And no matter how cold it got, said Pérez, he would rather be on the streets of Madrid than back in his troubled country. “This generation of Venezuelans just can bear it any longer,” he said. “We realised that we’re not trees, rooted to the spot, and that we can move away. We’ll get through this because it’s still better to be here than in Venezuela. All this is just temporary.”

Javier Baeza, the priest who runs the San Carlos Borromeo parish centre that took in the Salvadorans, teases and jokes with his guests. But he is deeply angry over the lack of care and has reported the protection failure to the public ombudsman.

“People come here and they’re disappointed because they think the image of a country with basic human rights is real and they’re profoundly mistreated,” he said.

“I don’t think it’s a capacity problem – the problem is the lack of political will at every level. There’s no political will from the government for immigrants to be looked after properly, the Madrid regional government isn’t doing anything at all, and Madrid city council doesn’t have the will to help 100 people in one of the world’s greatest capitals.”

On Thursday, the conservative mayor of Madrid, José Luis Martínez-Almeida, wrote to Spain’s acting prime minister – the Socialist leader, Pedro Sánchez – claiming that central government’s inaction had triggered the collapse of an already overstretched system.

The mayor also asked Sánchez to find 1,300 emergency places to help guarantee refugees were treated with dignity and respect. The government, however, insists the council needs to do more to deal with the emergency.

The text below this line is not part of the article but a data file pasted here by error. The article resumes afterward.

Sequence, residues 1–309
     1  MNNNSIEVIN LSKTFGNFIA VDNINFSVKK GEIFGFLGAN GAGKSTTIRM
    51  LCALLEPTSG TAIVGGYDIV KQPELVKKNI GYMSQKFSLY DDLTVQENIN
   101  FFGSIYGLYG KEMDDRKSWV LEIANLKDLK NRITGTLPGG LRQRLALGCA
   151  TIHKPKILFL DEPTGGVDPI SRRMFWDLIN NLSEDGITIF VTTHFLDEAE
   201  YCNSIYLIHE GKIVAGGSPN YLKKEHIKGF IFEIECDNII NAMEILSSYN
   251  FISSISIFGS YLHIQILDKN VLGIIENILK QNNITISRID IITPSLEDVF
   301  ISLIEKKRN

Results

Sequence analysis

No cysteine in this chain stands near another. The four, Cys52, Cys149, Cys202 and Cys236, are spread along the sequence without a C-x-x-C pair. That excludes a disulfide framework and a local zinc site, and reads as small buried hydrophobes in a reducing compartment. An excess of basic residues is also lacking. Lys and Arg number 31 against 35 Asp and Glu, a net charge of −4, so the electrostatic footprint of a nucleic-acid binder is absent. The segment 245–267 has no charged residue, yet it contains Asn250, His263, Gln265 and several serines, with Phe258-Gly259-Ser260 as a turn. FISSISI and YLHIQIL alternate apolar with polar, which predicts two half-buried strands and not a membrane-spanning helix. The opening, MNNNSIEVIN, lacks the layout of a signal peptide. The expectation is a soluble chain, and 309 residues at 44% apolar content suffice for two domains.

Consuelo Rumí, Spain’s secretary of state for migration, said other major Spanish cities such as Barcelona managed to allocate sufficient resources to vulnerable arrivals, adding that it was Madrid city council’s responsibility to help those currently on the streets.

“Madrid city council, which serves a population of 4 million people, just can’t have so few resources on the street,” she said. “Until someone has actually formalised their asylum application, they’re someone who’s on the street and who needs to be looked after by the city council. They just can’t have such scant resources on the street, especially at this time of year.”

A spokeswoman for the regional government said it was a matter for the central government and the city council.

Ana Zamora, a volunteer with the Red Solidaria de Acogida (Solidarity Welcome Network), which has been working to help people find shelter, said “totally ineffective management” meant the relevant authorities were failing in their basic duty of care

“The people sleeping rough are all seeking international protection and none of them is getting the help to which, in theory, they’re entitled,” she said. “These people have no other option – they’ve spent all their money on getting here and they have no more.”

While the political squabbles continued, one of the Salvadoran mothers sat crying in a parish 5,000 miles (8,000km) from home, thinking about the church where her family used to worship, where they would donate food and toys to the poor.

My daughter is confused by all this and she asked if we were poor now,” she said. “We’re not asking for luxury, we’re not even asking for comfort. We came to Spain because we’d been told we would be protected here.”